Memoir

20 Things You Didn’t Know About Your Favorite Classic Hollywood Stars

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Producers Joan Kramer and David Heeley documented the careers of some of Hollywood’s greatest legends, including Fred Astaire, Katharine Hepburn, and James Stewart. Their portraits of these colorful acting icons brought them up close and personal to the stars. The duo’s new tell-all memoir In the Company of Legends, from Beaufort Books, captures the hilarious and moving stories about the most powerful names in Hollywood. In anticipation of the book’s release on April 16, and an April 7 TCM documentary special featuring interviews with Kramer and Heeley conducted by Robert Osborne, here are some of the most fascinating and intimate facts we learned about our favorite old Hollywood stars.
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Cool Girls Do It Better: On Kim Gordon’s Juicy, Modest Memoir, ‘Girl in a Band’

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In the final paragraph of her memoir, Girl in a Band, Kim Gordon details a makeout session with a man who is most certainly not Thurston Moore. Emergency brake pulled, the two sat in front of a house on a hill that Gordon had rented in LA for several weeks last year while getting back to her visual art roots in a post-Sonic Youth, post-Thurston world. The anecdote starts kind of bumpy because it is apropos of nothing, but it ends somewhere fitting — hopeful, even. “I know: it sounds like I’m someone else entirely now,” she writes after pulling away from this man’s “full-on grope” for reasons of practicality, “and I guess I am.”
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Michelle Tea’s ‘How to Grow Up’ Is an Honest Memoir About the Writing Life

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Michelle Tea has always been a fearless and honest writer with manifold talents — from gritty memoirs like The Chelsea Whistle to young adult books like Rose of No Man’s Land, her work has been characterized by its freedom and daring. It’s also characterized by its commitment to showing the reality of women’s lives in many forms, illuminating what the queer community in San Francisco is like for a young, passionate person.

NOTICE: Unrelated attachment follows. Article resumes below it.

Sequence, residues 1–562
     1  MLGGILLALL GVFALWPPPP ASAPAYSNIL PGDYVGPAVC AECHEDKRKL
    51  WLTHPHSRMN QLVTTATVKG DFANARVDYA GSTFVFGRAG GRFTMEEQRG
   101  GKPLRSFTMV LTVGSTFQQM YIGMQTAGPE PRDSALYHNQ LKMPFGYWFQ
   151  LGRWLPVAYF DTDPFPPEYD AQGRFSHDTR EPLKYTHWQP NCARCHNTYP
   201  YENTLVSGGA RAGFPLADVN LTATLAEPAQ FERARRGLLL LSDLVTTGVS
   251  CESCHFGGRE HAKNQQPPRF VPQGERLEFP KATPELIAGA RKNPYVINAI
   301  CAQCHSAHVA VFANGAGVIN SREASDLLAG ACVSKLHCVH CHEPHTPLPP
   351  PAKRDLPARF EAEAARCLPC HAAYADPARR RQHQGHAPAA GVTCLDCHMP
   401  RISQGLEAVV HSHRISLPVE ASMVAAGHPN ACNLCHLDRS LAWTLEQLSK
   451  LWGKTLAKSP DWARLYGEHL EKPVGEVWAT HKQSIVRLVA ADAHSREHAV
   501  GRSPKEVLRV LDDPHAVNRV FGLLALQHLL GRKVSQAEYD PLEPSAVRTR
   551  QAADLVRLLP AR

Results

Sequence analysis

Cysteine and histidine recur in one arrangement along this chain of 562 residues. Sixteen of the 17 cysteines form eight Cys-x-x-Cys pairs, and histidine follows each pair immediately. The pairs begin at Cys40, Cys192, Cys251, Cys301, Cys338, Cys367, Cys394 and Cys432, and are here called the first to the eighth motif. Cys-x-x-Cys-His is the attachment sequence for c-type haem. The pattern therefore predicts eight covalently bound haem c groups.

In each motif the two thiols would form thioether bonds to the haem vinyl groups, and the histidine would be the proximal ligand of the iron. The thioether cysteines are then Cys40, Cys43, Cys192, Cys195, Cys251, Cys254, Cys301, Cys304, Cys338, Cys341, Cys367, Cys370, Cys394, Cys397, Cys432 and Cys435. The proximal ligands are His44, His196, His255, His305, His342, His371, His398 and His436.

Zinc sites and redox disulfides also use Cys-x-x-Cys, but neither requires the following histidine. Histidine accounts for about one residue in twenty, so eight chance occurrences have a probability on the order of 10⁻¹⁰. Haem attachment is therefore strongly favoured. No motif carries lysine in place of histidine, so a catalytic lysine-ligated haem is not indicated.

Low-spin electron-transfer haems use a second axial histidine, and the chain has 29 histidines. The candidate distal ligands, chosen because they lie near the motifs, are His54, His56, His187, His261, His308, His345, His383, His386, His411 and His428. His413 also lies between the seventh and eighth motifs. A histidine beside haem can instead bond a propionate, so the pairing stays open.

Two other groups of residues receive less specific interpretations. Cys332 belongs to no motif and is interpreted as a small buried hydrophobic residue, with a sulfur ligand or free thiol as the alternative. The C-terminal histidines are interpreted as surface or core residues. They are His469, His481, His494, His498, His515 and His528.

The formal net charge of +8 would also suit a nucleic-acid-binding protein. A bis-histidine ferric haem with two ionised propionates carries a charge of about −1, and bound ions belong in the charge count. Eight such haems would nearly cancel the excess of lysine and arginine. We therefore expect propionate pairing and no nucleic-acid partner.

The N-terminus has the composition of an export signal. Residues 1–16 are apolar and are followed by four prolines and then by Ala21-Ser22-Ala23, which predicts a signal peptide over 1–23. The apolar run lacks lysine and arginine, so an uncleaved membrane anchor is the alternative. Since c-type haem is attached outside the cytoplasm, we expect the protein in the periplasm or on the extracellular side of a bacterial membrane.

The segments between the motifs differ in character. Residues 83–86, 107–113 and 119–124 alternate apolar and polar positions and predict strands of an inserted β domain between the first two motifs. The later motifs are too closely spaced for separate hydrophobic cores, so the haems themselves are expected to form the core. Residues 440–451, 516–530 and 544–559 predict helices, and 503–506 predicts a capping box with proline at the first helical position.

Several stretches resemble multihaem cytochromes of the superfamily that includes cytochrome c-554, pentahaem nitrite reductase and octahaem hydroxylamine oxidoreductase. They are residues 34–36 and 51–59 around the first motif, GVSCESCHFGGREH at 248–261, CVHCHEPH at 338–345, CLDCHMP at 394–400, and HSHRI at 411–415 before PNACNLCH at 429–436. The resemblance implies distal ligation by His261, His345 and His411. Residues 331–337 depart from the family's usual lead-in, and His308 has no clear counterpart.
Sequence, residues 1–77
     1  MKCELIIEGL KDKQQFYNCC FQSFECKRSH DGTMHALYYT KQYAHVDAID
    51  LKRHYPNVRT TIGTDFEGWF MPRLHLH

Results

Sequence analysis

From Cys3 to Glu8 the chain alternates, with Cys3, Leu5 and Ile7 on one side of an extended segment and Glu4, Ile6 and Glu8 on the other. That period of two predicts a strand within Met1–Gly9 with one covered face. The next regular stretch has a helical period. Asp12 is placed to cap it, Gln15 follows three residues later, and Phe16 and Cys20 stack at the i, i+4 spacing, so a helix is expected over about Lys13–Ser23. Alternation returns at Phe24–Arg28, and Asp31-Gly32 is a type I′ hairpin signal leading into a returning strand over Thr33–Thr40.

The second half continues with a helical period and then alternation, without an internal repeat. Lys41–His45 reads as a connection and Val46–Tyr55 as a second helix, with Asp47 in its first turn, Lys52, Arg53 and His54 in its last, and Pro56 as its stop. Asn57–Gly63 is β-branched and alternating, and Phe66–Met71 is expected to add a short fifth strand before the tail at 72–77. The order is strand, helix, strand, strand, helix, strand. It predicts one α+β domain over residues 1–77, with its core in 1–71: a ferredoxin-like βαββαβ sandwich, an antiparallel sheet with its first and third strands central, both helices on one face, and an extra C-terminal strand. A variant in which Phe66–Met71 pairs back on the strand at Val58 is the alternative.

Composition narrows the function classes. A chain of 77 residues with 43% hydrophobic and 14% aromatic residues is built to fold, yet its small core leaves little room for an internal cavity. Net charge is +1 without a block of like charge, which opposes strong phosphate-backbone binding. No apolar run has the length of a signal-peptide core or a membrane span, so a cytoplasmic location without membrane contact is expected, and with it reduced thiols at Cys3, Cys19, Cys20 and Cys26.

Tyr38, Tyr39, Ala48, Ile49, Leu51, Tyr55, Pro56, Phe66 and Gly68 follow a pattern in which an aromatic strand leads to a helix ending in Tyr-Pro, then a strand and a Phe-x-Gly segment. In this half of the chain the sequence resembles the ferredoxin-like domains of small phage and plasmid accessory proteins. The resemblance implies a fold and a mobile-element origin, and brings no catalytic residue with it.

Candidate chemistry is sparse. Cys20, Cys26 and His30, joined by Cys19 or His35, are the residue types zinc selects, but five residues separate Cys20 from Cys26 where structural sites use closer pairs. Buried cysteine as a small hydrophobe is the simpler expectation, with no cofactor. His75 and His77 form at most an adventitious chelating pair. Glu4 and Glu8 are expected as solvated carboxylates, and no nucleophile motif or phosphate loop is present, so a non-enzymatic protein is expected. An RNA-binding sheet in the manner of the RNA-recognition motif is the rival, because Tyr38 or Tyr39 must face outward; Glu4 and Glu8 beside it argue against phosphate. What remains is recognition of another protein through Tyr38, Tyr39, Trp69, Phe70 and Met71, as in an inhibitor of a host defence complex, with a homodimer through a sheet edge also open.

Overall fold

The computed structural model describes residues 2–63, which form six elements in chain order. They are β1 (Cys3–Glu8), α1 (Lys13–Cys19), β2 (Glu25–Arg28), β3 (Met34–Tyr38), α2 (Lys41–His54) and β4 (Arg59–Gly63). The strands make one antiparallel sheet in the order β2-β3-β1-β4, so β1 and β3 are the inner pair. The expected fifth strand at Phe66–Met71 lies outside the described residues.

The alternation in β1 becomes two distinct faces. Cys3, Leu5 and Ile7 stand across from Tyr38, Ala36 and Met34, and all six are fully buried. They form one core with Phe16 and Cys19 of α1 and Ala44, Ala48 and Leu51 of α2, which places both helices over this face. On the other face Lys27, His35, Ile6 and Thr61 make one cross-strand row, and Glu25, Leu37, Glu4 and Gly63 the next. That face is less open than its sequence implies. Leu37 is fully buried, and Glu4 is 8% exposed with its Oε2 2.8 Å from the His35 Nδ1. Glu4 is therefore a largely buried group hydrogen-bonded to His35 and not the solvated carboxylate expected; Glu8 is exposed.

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xoJane’s Embarrassing Yoga Essay and the Problem With “Honest” Writing

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Yesterday, xoJane published one of their “It Happened to Me” pieces by one Jen Caron. It detailed Caron’s experience in a yoga class she’d attended recently, one also attended by a “young, fairly heavy black woman.” Merely having this “other” woman in the room was apparently a kind of direct affront to Caron. Even sampling just one paragraph from the essay should give you an idea of how quickly everything goes to hell:

I was completely unable to focus on my practice, instead feeling hyper-aware of my high-waisted bike shorts, my tastefully tacky sports bra, my well-versedness in these poses that I have been in hundreds of times. My skinny white girl body. Surely this woman was noticing all of these things and judging me for them, stereotyping me, resenting me—or so I imagined.

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